The history of arterial catheter insertion and pressure monitoring dates back to the early 1950s. Critically ill patients requiring serial blood sampling and real-time pressure monitoring for continuous assessment for treatment of hypertension or hypotension benefit from invasive hemodynamic monitoring. Continuous monitoring is more precise than currently available noninvasive monitoring systems. Rapid physiologic changes of the critically ill patient demand frequent titration of drugs that exceed the capability of noninvasive intermittent blood pressure devices. Over the last 60 years, technological advances have improved catheter design and insertion techniques that reduce insertion-related complications and improve first-stick success. In addition, recent guidelines for the use of ultrasound, site selection, use, care, maintenance, and techniques for sterile catheter insertion have been established to further minimize risks to patients.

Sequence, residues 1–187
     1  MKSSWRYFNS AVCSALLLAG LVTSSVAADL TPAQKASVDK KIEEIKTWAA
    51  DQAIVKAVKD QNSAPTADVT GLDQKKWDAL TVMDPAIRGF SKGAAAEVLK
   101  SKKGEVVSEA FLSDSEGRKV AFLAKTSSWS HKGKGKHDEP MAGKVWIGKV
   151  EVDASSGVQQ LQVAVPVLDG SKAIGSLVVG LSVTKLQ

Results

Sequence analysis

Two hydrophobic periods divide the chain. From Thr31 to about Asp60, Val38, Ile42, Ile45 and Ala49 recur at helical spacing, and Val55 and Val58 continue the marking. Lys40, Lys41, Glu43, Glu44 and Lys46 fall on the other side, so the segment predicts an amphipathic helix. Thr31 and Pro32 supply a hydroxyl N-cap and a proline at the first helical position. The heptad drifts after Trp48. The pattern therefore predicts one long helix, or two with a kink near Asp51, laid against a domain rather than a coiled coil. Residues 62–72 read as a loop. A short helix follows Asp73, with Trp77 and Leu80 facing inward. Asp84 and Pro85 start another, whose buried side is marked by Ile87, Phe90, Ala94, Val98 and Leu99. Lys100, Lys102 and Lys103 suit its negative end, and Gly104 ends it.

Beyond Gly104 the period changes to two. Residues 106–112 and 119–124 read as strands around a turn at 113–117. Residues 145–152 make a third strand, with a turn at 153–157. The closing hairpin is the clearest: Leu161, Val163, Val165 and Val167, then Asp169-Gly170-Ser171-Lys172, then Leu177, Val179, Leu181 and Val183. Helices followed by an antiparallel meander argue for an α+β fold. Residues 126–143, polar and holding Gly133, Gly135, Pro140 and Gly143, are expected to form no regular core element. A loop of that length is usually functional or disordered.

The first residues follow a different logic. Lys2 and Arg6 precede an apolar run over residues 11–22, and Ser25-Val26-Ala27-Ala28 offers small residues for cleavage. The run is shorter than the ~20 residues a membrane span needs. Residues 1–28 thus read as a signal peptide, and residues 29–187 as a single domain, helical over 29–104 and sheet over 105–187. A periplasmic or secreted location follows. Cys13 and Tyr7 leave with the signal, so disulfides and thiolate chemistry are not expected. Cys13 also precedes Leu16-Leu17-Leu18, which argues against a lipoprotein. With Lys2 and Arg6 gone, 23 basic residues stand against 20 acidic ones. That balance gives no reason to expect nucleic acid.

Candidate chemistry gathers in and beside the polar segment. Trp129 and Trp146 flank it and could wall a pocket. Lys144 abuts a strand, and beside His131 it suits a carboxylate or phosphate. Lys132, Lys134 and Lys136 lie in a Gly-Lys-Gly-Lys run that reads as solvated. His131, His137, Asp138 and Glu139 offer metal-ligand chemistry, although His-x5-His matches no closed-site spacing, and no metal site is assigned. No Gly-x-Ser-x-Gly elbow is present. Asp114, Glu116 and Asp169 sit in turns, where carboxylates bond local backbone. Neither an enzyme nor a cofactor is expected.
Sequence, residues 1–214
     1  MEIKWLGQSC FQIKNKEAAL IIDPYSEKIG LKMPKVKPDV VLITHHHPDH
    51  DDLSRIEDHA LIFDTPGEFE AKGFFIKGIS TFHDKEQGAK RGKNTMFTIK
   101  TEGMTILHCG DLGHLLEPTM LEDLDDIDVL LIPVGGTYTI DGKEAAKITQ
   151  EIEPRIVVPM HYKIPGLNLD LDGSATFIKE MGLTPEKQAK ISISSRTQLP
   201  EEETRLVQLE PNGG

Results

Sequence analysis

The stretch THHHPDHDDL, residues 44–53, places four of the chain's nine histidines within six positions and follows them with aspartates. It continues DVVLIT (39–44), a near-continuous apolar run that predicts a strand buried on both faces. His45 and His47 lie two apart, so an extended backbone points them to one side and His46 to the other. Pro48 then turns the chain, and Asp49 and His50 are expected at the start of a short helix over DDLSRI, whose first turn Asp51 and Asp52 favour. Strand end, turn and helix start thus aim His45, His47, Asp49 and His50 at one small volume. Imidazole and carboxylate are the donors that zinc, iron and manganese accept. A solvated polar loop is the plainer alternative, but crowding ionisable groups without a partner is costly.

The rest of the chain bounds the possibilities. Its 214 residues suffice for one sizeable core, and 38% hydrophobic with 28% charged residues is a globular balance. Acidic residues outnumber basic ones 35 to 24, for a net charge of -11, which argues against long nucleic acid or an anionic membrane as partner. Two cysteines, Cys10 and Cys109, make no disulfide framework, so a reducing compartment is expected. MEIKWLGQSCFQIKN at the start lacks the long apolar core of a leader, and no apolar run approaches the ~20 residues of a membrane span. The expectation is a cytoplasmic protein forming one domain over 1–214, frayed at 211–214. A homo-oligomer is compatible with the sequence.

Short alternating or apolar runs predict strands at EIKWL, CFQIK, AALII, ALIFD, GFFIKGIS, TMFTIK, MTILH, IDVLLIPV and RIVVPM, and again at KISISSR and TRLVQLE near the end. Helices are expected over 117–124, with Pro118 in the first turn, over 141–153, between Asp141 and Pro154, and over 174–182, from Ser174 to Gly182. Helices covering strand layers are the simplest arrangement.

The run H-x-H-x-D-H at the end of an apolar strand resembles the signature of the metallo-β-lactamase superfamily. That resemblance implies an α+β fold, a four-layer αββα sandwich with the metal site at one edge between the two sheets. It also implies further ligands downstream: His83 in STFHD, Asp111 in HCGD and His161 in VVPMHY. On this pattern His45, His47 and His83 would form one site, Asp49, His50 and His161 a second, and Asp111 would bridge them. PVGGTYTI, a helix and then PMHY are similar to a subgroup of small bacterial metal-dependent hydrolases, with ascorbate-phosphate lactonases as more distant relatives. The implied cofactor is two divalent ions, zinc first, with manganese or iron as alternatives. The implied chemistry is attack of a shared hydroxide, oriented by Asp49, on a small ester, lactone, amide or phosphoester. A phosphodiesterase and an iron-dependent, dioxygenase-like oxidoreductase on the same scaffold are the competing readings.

The use of visualization technology, including ultrasound, has become the standard of practice for...

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